Five Ways to Take Age Out of the Equation

If you are a mature worker and you are concerned that your age may be a factor in your job search, rest assured that there are a few simple steps you can take to show employers that you would be a valuable addition to their teams.

1. Make your resume and cover letter “ageless”
Avoid dating yourself with a few simple guidelines: exclude graduation and certification dates on your resume, and list only your most recent 10 to 15 years of work experience. (Include positions prior to that time frame only if they are crucial to your application.) In your cover letter, don’t state the total number of years of work experience you have, and avoid using age-related words such as “seasoned,” “veteran,” and even “energetic” or “youthful.”

2. Keep up-to-date on technology
Our reliance on computerized systems and the rapid rate of change in the tech world makes this an important point for everyone of working age. Software updates are coming more quickly now than ever before, so chances are good that the program you knew inside-out five years ago has changed at least a couple of times since then. Self-guided tutorials are available online for many popular computer programs, or you can seek adult education classes if you have a more traditional learning style.

Some local courses are offered by JCPS, University of Louisville and the Louisville Free Public Library, just to name a few.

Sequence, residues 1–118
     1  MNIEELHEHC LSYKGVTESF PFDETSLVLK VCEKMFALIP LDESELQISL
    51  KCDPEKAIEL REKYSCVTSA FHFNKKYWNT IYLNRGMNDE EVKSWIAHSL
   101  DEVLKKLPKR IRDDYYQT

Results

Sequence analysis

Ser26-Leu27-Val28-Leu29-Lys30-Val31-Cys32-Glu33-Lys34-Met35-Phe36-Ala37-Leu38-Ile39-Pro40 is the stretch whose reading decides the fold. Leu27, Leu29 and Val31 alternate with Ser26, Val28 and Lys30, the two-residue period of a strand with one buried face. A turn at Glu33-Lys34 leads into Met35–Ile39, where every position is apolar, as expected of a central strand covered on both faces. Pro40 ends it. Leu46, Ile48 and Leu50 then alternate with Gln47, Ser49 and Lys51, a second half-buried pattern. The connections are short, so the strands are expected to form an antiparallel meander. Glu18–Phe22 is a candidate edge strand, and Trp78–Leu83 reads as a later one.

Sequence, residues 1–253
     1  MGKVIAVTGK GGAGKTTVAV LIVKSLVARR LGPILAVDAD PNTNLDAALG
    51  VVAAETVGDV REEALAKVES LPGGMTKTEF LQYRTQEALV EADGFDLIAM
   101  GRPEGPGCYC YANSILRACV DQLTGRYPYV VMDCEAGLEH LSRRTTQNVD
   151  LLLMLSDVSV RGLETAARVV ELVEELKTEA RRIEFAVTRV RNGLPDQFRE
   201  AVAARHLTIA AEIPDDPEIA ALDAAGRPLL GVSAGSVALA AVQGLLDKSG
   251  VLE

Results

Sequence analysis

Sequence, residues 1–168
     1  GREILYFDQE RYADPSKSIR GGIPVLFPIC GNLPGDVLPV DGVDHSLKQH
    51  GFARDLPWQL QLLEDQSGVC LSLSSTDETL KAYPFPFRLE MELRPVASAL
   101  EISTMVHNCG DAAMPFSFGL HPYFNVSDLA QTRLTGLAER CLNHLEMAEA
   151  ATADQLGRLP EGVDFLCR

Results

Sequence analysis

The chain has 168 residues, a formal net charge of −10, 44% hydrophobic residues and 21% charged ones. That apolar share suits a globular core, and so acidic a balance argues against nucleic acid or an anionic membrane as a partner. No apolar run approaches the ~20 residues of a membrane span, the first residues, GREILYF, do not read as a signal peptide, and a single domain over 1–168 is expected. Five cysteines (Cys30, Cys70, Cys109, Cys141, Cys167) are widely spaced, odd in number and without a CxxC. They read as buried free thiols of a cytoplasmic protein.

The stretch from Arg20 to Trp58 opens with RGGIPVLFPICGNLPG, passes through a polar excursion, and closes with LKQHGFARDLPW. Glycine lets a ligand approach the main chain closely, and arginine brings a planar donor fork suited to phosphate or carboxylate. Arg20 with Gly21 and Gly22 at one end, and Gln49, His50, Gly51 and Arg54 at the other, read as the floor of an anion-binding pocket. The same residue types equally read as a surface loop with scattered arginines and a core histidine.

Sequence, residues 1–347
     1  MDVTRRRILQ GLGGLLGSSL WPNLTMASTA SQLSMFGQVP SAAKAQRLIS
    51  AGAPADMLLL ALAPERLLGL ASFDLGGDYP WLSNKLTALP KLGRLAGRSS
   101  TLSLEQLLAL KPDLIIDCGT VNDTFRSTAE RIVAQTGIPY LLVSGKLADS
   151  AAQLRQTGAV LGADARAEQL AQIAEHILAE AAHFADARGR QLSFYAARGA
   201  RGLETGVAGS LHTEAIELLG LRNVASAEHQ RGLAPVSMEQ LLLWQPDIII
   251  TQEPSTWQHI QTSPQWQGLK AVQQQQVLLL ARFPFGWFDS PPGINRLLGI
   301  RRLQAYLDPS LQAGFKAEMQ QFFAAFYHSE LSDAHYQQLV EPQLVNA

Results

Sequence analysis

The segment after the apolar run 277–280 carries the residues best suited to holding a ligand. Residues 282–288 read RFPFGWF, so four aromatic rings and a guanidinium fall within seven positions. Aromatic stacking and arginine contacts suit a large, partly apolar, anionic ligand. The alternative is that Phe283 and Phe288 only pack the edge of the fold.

3. Use social media
According to a recent survey, 69 percent of human resources professionals use social media for recruiting.

BLR's 2013 Social Media Infographic

BLR’s 2013 Social Media Infographic: By

Increasingly, HR representatives are seeking more information about candidates via LinkedIn, Facebook, Twitter and other social media platforms. Your presence there indicates that you’re following trends in technology, and it also gives recruiters and hiring managers the chance to give you a closer look before an interview. Be sure that you control how you “brand” yourself in these spaces. We’ve given some recommendations for your LinkedIn profile that might be helpful in that regard, and we also have an upcoming workshop to help you create your LinkedIn profile.

4. Anticipate employer concerns and address these in the interview
Employers legally are not allowed to discriminate based on age, but they may have some concerns based on their own personal biases or preconceived ideas about mature workers. Be ready to discuss your technology skills, your ability to handle the physical demands of the position, the ways in which you adapt to change, and your ability to work effectively with coworkers of all ages and backgrounds.

5. Keep current on what is happening in your industry
If you are able to intelligently discuss recent changes or trends in your industry, not only will you impress the interviewer with your knowledge, but you will demonstrate that you can be a valuable asset to the company. Staying on top of the latest news can help you to make better decisions and formulate effective strategies. Trade organizations, conferences, industry publications, blogs and social media can all be excellent sources of current information.


These simple steps can help you make an easier transition into a new career. For more personalized help with your job search, Jewish Family & Career Services offers FREE career counseling to individuals aged 60 and older who live in Kentucky. To schedule an appointment, please contact Andrea Brown at (502) 452-6341, ext. 334.

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